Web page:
Even if you do find yourself in the midst of a huge crowd when visiting the Acropolis or Uluru or Iguazu Falls, it’s good to be respectful of the individuals around you, since a given tourist crowd can hold its own dynamic and diversity. One of my favorite books of recent memory was Sherman Alexie’s “The Absolutely True Diary of a Part-Time Indian,” which tells the story of Junior, a poor Spokane Indian kid living in Washington. Junior dreams of visiting the Great Wall of China, and one of the more moving scenes in the book is when his best friend Rowdy realizes that Junior is actually going to do it someday.
This is the kind of story I want keep in mind should I ever go to, say, the popular Badaling section of the Great Wall near Beijing and find myself in a sea of tourists. At one level, dealing with a big crowd of people might feel distracting, but at another level it can be humbling to realize that many of those people may well be in the midst of the most amazing experience of their lives.
Excerpted from Ask Rolf on World Hum
|Rachel Denning never owned a passport until she had four children under the age of four. Since then, she and her husband have traveled with them to 12 countries on two continents (and added one more to the pack, making it five kids.) A passion for living life deliberately has resulted in a quest to make long-term family travel a reality because of the new experiences it brings and the educational opportunities it provides. Rachel is heartfelt about helping other families discover how to fund travel and encouraging them to live their dream. She also blogs about their family travel adventures.|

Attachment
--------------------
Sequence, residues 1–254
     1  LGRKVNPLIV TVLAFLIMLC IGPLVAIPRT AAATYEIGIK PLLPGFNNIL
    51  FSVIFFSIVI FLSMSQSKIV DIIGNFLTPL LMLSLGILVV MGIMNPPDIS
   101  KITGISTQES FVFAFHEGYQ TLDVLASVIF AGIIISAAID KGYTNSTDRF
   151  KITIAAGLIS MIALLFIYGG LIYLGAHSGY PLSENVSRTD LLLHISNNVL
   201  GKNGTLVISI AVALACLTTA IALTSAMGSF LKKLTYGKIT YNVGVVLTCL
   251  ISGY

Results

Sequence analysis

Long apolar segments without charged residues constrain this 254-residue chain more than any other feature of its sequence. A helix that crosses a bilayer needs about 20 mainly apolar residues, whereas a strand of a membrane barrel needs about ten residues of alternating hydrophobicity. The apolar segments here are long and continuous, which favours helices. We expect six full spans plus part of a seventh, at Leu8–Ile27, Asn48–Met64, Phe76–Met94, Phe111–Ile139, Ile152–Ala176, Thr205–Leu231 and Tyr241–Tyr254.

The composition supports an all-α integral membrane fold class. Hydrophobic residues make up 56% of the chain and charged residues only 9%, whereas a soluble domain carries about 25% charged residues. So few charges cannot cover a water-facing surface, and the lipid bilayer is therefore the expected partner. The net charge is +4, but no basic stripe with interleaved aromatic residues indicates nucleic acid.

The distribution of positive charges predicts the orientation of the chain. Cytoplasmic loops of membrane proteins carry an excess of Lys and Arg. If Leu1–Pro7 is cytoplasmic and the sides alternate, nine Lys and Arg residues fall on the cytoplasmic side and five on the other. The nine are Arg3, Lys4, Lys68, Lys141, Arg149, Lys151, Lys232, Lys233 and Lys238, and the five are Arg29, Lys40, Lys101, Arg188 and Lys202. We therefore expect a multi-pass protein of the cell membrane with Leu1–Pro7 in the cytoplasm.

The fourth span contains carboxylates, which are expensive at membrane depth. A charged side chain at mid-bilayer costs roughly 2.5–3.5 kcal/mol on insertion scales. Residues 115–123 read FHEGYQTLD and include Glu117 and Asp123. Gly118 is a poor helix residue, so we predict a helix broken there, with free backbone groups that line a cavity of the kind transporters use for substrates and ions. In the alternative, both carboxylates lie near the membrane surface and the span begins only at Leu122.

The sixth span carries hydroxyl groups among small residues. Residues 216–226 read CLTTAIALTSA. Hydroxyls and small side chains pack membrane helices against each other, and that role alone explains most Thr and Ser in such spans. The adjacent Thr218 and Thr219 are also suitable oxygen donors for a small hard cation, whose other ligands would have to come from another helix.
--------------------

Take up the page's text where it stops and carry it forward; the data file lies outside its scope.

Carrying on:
|Elizabeth Fritzler hails from the sunshine and snow of Denver, Colorado. Though she’s explored a fair bit of the mountains, after 20+ years of landlocked life, the beach beckoned and swept her away to travel. She studied for 4 months in southwestern France before returning home to finish her English degree. She has fed her kimchi addiction since August 2012 as an ESL teacher in Changwon, South Korea. When she’s not taking forever to read Korean or dancing Gangnam Style in a remote Philippine village, she thrives on hikes, coffee, yoga and poetry. Word on her travels as a female solo adventurer can be found at areyoupeaceful.com.|